The firing of S-200 missiles by Syria at Israeli air force planes on Thursday night marked a significant escalation in the ongoing conflict between the two nations, who are technically still at war.
Over the past few years there has been several airstrikes carried out by Israel against targets in Syria, most believed to be related to weapons transfers to Hezbollah.
Both Prime Minister Benjamin Netanyahu and Defense Minister Avigdor Lieberman have stated publicly that Israel will do whatever is necessary to prevent "game changing weapons" getting into the hands of this terrorist group.
Israel does not usually confirm or deny such attacks, but it was forced to do so this time by the circumstances of the incident, including the firing of the Arrow defense system.
The Arrow s first-ever operational interception was the result of Syria's air-defense forces launching a long-rane S-200 missile in an attempt to shoot down Israeli planes. Syria's military has claimed it downed one of the Israeli planes and hit another, however Israel denies any of it's planes were hit.
The loud explosion that many residents of the region heard as far away as Jerusalem was the interception by the Arrow 2 missile, which was forced to fire due to the long rang missile endangering civilian populations.
The Syrian retaliatory missile launch occurred when IAF aircraft had already passed into Israeli airspace and had now become a direct threat to civilian populations.
Parts of the missile have been found in Jordan which also forced Israel to issue an official explanation for the event.
Many analysts believe the firing of the missile demonstrates a new confidence by Assad in the region after winning several key battles with rebels and ISIS, including the important city of Aleppo.
Perhaps even more important is the strategic backing of Russia which seems to guarantee his survival as Syria's continued leader.
With this being the most serious incident between the two countries in many years, the big question is what happens next time?
Arms shipments to Hezbollah are unlikely to stop and neither is Israel's response to what it says are "red lines" that can't be crossed.
Israeli Defence Minister Avigdor Lieberman may have already answered the question when he responded to the incident on Sunday threatening to destroy Syrian air defense systems should they fire on Israel again.
The Israeli drone that targeted the Syrian militiaman Yasser Sayad outside the Golan town of Quneitra Sunday, March 19, reinforced the message first carried by the Israeli Arrow 2 which shot down a Syrian SA-5 anti-air missile Friday. The Israeli ambassador was called twice to the Russian foreign ministry.
Both hits were precise: Sayad was on his way to join the Hizballah forces who are trampling Syrian rebel villages on the Hermon slopes to clear their path to the Golan; and the Syrian SA-5 was intercepted microseconds before hitting the Israeli jets attacking a consignment of Hizballah weapons outside the Syria T4 base near Palmyra, where a Russian contingent is also housed.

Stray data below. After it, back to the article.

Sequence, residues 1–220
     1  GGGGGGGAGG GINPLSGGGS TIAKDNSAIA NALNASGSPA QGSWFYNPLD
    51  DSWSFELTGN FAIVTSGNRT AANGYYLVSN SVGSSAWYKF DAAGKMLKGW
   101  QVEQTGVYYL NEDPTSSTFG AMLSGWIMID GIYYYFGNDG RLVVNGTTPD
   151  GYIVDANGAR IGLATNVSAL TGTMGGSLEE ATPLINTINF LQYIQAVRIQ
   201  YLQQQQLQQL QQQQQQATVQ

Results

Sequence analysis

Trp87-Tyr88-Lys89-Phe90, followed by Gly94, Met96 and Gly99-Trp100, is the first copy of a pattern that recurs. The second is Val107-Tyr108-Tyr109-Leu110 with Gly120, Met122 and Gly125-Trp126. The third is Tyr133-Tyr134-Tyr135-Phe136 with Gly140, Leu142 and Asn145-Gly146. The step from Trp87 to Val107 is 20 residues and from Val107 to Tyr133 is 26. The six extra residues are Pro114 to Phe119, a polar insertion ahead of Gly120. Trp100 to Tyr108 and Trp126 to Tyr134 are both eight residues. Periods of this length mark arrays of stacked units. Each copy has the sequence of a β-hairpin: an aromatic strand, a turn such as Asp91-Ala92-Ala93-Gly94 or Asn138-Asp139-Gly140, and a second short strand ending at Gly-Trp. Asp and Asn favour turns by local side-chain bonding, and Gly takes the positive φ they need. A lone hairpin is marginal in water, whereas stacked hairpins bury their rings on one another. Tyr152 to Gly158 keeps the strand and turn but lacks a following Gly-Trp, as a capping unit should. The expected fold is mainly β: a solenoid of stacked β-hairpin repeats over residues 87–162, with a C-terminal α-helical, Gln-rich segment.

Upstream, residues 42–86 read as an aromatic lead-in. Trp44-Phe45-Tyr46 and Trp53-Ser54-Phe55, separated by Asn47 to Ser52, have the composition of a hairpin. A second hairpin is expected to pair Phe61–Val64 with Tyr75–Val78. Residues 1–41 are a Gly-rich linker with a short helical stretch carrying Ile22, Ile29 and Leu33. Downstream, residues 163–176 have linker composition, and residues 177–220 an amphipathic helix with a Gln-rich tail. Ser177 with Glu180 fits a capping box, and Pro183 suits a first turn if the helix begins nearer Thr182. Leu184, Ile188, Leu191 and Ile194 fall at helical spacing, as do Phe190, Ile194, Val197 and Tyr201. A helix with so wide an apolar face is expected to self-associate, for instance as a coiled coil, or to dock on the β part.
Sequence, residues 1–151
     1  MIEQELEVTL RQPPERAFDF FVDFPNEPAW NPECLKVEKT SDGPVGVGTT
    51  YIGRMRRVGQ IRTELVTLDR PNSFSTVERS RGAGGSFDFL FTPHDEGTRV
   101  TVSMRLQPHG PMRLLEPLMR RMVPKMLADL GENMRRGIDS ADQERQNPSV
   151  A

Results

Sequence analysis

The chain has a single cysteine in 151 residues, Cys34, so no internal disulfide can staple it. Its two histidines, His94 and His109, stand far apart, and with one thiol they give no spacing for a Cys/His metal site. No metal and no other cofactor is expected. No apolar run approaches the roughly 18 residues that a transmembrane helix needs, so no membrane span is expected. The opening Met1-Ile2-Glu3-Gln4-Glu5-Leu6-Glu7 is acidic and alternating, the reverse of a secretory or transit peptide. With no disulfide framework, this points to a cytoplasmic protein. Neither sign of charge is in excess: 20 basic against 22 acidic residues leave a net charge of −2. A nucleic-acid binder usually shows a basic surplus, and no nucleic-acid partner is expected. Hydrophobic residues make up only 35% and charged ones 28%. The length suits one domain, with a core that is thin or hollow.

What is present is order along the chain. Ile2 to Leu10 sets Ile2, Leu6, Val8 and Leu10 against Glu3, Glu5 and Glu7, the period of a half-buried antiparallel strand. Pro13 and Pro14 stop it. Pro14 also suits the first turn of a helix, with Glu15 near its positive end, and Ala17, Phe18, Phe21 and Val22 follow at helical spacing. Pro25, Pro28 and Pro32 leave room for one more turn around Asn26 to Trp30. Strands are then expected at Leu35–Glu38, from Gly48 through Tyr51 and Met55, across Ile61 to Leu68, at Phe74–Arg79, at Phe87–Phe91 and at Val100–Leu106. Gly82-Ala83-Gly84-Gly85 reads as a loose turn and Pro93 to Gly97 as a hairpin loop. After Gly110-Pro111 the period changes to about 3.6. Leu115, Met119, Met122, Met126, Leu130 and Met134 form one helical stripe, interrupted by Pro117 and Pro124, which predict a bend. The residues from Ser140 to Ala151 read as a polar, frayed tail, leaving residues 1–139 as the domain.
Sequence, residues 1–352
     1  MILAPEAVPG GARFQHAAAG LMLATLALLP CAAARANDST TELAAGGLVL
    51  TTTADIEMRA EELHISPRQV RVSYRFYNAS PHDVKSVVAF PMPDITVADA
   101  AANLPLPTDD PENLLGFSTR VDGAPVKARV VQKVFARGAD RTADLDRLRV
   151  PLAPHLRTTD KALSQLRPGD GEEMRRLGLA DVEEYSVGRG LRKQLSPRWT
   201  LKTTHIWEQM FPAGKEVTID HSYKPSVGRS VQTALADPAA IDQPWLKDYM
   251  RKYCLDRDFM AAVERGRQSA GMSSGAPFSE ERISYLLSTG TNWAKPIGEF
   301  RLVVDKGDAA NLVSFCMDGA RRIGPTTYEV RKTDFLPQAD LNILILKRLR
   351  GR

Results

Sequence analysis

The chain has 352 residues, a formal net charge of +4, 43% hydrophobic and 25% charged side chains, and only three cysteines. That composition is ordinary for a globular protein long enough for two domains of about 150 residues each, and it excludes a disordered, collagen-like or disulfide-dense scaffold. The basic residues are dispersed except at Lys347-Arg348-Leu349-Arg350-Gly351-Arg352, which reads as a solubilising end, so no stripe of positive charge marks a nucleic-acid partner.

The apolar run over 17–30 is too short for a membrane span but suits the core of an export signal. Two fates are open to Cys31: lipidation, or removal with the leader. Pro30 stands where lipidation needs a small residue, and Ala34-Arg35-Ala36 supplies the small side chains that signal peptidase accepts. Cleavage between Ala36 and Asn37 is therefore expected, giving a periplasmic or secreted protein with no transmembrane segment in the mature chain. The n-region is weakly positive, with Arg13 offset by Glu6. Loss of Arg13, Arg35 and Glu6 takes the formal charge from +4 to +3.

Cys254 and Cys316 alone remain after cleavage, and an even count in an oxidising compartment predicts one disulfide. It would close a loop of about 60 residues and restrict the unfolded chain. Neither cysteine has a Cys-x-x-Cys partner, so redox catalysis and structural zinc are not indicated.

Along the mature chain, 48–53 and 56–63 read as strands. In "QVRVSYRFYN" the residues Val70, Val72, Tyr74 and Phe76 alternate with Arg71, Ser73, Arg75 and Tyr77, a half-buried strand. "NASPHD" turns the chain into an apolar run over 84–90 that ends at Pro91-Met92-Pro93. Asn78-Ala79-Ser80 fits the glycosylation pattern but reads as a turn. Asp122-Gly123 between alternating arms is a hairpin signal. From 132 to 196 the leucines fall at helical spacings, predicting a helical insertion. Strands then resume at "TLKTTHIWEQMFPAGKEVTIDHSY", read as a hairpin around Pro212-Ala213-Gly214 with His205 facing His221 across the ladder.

After the air strike, Israel’s ambassador to Moscow Cary Koren was summoned to the Russian foreign ministry to hear a warning from Deputy Foreign Minister Mikhail Bogdanov to stop interfering with Russian plans for Syria.
Syria’s UN Ambassador Bashar Al Jaafari reflected the Assad regime's sense of empowerment when he said following the Israeli air strikes in northern Syria: “The Syrian response was appropriate and changed the rules of the game.” He claimed that Israel had been sternly warned by Moscow to stop such attacks and therefore its leaders “will think long before taking similar action in future.”
Nonetheless, two days later, the IDF was again in action, this time on the Syrian Golan. A-Sayad was killed outside Quneitra as testimony of Israel’s resolve to continue to wage warfare against the Iranian and Hizballah military presence in Syria and their aggressive push towards its borders.
And Sunday, Ambassador Koren was called to the foreign ministry in Moscow for a second dressing-down, this one, undoubtedly sterner than the first, seeing that Israel had escalated its face-off with Moscow on this issue and raised the stakes for a potential IDF clash with Russian forces in Syria, for better or for worse.
Jerusalem was further alarmed Sunday by discovering that an Iraqi Shiite militia was on the way, under the command of Iran’s Al Qods chief Gen. Qassem Soleiman, to reinforce Hizballah’s Hermon-Golan offensive. This militia, called the Al-Nojba Movement, consisting of 1,500 Iraqi Shiite fighters, is the pet project of Hizballah’s deputy chief Sheikh Naieem Qassem, who sent officers to train them.
The U.S. military's "reassurance and deterrence" mission in the Syrian city of Manbij is achieving its goal of preventing key American allies from battling one another, the Pentagon said Monday, but what's already a tense situation could become more complicated with the arrival of Russian troops and continued advances by Turkish-backed rebels.
The Americans and Russians have had no close interaction on the ground, Davis said. Moscow, he added, has "kept us abreast of their operations" in Manbij, but the two militaries do not coordinate in Syria. Rather, the Pentagon prefers the term "deconflict."
The dynamic in Syria is deeply complex. U.S. troops there are focused on training and assisting local forces fighting the Islamic State. Their presence has swelled to around 1,000 in recent weeks with the addition of a Marine Corps artillery unit focused on the ISIS capital of Raqqa and the Army Rangers sent to Manbij. The Russians are backing Syrian President Bashar al Assad, whose military continues to battle rebel groups seeking to oust him from power.